For most, the purpose of setting up an estate plan is to ensure that wealth and property are passed from one generation to the next. Part of that plan should include how a client’s intellectual property and associated intangible assets, including patents, copyrights and trademarks, are to be inherited, valued and managed after death.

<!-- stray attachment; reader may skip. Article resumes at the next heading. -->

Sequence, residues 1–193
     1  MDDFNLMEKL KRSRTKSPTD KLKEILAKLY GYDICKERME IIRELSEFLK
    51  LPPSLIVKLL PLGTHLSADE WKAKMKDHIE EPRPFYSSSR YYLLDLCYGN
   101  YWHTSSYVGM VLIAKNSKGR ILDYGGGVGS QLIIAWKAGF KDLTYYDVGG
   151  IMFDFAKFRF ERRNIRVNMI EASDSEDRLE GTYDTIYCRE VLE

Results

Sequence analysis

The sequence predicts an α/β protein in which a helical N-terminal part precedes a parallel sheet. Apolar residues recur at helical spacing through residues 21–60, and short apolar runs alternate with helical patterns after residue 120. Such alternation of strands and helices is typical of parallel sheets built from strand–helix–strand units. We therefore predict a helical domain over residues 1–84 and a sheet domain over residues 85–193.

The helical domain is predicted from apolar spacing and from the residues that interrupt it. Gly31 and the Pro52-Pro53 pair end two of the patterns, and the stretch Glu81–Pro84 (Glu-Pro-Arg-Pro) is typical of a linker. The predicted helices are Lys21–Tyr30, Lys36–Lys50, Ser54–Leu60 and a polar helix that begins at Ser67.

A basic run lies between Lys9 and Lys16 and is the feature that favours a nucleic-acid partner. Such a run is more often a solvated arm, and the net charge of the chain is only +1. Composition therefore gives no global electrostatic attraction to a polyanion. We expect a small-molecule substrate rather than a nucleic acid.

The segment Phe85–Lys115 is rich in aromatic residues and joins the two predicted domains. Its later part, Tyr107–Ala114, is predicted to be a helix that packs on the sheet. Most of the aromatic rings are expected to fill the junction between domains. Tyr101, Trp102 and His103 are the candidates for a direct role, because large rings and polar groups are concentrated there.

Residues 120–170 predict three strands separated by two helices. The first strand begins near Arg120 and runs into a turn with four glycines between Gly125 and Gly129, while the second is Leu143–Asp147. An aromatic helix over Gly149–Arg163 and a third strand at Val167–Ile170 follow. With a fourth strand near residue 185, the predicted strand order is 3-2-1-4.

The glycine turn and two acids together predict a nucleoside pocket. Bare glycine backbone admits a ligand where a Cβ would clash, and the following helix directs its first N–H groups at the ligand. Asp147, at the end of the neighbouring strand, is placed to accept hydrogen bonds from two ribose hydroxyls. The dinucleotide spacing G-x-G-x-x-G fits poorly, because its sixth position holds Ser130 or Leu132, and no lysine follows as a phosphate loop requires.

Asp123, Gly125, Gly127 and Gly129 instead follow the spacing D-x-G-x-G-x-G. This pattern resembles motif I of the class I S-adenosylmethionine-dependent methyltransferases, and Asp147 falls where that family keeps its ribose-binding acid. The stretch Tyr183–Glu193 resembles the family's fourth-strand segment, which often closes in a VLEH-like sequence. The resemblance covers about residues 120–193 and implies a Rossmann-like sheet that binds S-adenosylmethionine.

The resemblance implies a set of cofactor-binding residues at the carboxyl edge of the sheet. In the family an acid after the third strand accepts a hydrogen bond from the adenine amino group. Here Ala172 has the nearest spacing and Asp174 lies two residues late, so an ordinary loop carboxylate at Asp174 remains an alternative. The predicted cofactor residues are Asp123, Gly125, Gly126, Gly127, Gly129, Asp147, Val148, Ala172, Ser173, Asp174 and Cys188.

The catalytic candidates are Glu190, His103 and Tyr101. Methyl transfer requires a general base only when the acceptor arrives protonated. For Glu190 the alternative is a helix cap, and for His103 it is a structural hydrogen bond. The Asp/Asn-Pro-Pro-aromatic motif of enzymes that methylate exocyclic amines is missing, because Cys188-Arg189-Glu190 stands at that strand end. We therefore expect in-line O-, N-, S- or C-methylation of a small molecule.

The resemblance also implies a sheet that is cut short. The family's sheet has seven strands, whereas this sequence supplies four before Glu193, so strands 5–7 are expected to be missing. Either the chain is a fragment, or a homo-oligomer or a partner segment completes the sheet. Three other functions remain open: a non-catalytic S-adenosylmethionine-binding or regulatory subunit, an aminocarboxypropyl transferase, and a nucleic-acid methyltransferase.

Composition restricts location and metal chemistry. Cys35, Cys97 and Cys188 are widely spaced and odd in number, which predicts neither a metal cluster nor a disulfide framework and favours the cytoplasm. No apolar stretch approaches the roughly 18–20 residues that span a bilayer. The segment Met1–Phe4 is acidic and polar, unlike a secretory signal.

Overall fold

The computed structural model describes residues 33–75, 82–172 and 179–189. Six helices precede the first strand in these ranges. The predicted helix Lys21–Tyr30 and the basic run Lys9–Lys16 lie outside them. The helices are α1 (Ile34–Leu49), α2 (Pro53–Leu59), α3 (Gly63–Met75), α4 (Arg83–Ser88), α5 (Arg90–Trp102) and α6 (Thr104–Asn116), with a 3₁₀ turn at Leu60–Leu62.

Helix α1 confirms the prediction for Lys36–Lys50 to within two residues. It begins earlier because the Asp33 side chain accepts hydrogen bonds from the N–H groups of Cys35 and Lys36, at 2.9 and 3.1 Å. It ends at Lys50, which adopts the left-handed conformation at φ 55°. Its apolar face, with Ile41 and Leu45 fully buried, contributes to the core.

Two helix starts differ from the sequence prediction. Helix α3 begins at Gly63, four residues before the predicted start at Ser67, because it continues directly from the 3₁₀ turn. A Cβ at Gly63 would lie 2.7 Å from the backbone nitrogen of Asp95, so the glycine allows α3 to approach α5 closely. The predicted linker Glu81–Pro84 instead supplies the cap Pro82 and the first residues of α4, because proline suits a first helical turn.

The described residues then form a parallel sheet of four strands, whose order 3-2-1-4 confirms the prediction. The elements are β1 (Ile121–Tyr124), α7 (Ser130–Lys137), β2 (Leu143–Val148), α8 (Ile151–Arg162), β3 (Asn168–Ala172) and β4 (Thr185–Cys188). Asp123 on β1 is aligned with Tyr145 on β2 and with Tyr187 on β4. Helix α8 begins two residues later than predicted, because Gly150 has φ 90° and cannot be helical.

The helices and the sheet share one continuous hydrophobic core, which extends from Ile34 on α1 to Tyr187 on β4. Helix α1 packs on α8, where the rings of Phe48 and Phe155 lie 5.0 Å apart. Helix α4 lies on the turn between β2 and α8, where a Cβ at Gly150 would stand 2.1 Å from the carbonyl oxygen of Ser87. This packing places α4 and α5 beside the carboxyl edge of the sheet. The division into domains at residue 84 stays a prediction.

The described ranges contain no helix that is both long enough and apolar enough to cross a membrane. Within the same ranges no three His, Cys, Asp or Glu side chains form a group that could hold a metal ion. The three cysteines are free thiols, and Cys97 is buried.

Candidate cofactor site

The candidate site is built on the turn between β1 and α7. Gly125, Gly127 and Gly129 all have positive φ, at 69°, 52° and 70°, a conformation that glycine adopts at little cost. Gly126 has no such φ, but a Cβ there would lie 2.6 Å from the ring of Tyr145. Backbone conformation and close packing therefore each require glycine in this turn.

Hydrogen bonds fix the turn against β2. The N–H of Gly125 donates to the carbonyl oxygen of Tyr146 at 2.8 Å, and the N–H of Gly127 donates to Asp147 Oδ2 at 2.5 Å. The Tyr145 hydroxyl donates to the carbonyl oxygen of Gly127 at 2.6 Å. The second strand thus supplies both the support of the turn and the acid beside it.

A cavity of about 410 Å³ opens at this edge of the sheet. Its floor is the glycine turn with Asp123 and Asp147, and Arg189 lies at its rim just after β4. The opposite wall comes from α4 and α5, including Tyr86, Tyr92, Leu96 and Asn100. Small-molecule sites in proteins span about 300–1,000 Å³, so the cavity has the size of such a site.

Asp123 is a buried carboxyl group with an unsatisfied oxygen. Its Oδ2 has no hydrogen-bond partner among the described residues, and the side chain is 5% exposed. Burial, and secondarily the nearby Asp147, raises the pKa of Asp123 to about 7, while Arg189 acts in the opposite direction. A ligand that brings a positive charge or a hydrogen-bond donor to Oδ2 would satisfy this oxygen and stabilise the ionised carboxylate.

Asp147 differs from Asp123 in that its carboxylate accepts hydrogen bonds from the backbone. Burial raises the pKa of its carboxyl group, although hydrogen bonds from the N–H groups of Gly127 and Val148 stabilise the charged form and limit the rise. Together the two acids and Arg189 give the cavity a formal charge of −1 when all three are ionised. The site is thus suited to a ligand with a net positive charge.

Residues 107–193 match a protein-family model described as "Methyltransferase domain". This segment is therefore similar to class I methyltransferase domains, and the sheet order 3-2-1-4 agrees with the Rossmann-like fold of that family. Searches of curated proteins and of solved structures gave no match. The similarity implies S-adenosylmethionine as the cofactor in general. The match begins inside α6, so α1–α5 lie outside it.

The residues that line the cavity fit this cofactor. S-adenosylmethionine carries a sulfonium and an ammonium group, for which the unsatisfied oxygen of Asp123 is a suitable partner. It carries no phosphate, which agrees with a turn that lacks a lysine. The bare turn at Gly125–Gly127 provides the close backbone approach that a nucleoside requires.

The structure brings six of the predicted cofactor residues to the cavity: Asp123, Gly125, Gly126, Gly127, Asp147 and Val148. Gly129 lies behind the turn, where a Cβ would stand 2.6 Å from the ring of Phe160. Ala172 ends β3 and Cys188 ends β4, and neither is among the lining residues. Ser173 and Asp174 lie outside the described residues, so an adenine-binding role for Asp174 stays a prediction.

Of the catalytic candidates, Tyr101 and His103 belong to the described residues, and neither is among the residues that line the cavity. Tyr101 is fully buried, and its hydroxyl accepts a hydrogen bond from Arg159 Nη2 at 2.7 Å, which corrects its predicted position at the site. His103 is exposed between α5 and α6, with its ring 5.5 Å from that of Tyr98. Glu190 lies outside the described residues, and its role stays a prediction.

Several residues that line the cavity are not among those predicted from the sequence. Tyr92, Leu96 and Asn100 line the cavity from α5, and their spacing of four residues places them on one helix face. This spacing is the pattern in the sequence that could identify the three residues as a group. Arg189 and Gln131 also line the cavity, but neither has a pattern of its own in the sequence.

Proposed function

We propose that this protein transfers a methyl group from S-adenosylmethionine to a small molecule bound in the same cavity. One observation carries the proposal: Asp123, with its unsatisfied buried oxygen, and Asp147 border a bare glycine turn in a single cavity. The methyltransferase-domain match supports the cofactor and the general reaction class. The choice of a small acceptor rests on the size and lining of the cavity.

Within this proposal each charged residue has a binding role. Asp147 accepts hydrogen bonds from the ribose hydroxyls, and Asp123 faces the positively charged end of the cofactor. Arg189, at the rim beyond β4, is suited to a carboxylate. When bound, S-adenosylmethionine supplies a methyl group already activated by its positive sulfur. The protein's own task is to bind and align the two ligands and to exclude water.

Generally speaking, estate planning seeks to provide for family members, protect assets, avoid probate, minimize tax consequences and reduce legal headaches for heirs or beneficiaries. The same is typically true for intellectual property estate planning, but with a couple of pitfalls.
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